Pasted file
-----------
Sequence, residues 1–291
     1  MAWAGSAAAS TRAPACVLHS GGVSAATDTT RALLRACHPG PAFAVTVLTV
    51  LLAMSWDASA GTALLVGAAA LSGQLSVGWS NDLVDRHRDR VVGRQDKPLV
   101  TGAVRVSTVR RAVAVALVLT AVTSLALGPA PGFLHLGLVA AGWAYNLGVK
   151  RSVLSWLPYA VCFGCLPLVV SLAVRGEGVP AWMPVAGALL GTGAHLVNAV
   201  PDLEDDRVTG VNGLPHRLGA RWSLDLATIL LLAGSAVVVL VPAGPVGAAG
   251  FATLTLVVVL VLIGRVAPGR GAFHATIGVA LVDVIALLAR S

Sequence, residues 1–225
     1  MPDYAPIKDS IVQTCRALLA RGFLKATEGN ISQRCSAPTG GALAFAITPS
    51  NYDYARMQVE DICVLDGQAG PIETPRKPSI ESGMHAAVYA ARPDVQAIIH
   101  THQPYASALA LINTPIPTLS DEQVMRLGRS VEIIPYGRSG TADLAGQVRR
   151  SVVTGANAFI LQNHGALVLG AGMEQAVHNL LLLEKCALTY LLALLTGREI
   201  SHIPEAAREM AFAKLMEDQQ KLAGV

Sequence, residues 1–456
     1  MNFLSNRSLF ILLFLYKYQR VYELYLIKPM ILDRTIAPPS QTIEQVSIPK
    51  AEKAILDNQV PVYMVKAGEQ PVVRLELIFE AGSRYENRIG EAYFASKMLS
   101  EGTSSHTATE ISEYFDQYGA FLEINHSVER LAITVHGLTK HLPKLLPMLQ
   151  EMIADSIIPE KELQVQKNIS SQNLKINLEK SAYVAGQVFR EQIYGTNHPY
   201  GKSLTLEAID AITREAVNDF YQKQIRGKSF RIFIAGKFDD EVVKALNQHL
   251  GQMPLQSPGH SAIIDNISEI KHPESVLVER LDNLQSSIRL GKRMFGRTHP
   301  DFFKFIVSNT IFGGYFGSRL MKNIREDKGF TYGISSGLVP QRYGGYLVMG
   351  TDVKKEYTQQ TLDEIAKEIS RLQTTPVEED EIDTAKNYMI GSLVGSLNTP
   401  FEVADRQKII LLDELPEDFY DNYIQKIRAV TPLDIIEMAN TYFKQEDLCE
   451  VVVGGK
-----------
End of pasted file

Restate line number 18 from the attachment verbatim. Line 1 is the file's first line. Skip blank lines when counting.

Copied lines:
   151  EMIADSIIPE KELQVQKNIS SQNLKINLEK SAYVAGQVFR EQIYGTNHPY